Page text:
Biden speaking five languages shows potential, risks of deepfake tech
WASHINGTON — At a workshop hosted through the Air Force’s military university on Aug. 26 in Montgomery, Alabama, students were shown a video of President Joe Biden addressing the UN while effortlessly switching between five languages including Mandarin and Russian.
While Thomas Jefferson and John Quincy Adams were fluent in several languages, Biden, like most U.S. presidents, is only known to speak English.
The video was a piece of synthetic media, more commonly known as a “deepfake.” Created using a combination of machine learning and artificial intelligence, deepfakes are hyperrealistic videos that replace one person’s likeness with that of another, or appear to show them doing something they never did.
And as the technology improves, they get harder to detect.
The workshop, which featured DeepMedia, a synthetic media start-up, focused on providing airmen with an introduction to deepfakes and their relationship to military applications as well as the company’s AI technologies that could be used to combat the threat they can pose.
Earlier this year, a deepfake video of Ukraine President Volodymyr Zelensky showed him calling on his soldiers to lay down their arms and surrender amid the country’s conflict with Russia. Although the video was quickly debunked and taken down, the technology is increasingly being used in propaganda and disinformation campaigns.
Rijul Gupta, a co-founder of the Oakland, California-based DeepMedia, called deepfakes the “next frontier” of video technologies, citing their low production cost and relatively quick turnaround time.
“Everything will be able to be faked in real-time,” he said at the workshop.
The company created the Biden video to illustrate that not all deepfakes are harmful. DeepMedia’s AI-based universal translator tool, for example, can be used to facilitate diplomatic communications, it said.
The translator tool takes video of someone speaking one language and transforms it so the subject appears and sounds to be speaking a different language in real time. The technology could also be used to pinpoint the linguistic benchmarks that differentiate a deepfake from a real video.
Hollywood has been using some form of deepfake technology for years, to make older actors appear decades younger of even provide new “life” to actors who have died. Actor Peter Cushing appeared in “Rogue One: A Star Wars Story” in 2016, more than two decades after his death.
Still, deepfakes of celebrities and other politicians have spread widely across social media video platforms, prompting concern about the potential use of synthetic media to spread disinformation.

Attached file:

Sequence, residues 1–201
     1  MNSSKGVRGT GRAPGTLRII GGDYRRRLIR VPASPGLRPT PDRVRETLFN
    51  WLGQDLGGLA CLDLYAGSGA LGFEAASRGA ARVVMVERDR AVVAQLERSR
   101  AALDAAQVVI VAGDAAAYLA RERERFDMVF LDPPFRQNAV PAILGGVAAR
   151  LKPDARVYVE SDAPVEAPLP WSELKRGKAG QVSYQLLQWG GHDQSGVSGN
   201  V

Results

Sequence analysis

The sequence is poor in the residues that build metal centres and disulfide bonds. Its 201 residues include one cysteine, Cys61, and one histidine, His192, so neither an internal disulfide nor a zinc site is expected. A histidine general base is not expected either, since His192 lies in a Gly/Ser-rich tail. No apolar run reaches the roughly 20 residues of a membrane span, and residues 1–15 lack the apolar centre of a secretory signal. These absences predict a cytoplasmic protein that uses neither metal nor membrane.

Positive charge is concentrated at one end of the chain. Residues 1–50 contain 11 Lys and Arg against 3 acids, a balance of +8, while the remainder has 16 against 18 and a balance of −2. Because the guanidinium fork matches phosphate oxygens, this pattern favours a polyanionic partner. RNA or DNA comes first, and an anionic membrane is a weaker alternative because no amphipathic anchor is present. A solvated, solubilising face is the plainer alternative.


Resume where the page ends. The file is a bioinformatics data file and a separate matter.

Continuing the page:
According to a 2021 report from the U.S. Department of Homeland Security, the threat of deepfakes does not come from the technology used to create them but from people’s natural inclination to believe what they see. As a result, deepfakes do not need to be particularly advanced or believable in order to be effective in spreading misinformation, the report said.
DeepMedia focuses on both detecting and producing synthetic media. In April, the Air Force Research Laboratory announced a partnership with the company to study the detection of deepfakes.
One of the main ways to detect whether a video is a deepfake is via an analysis of the language being used, which can reveal dialect differences between the video’s subject and audio presented.
Analyzing videos for those differences takes time, money and effort, said Emma Brown, a co-founder of the company.
In many cases, the cryptologic linguist conducting the analysis must have a deep understanding of the language and its dialects as well as the country’s culture and history. Simply having a cursory knowledge of the language isn’t enough to pinpoint the flaws in deepfakes, she said.
As the military struggles with a major recruiting crisis, attracting the needed talent to fill cryptologic linguist positions poses yet another challenge. To substitute human talent, Brown and Gupta explained that DeepMedia has developed AI tools that take the place of linguists.
“There’s simply not enough people to do this without AI,” Gupta said.
Catherine Buchaniec is a reporter at C4ISRNET, where she covers artificial intelligence, cyber warfare and uncrewed technologies.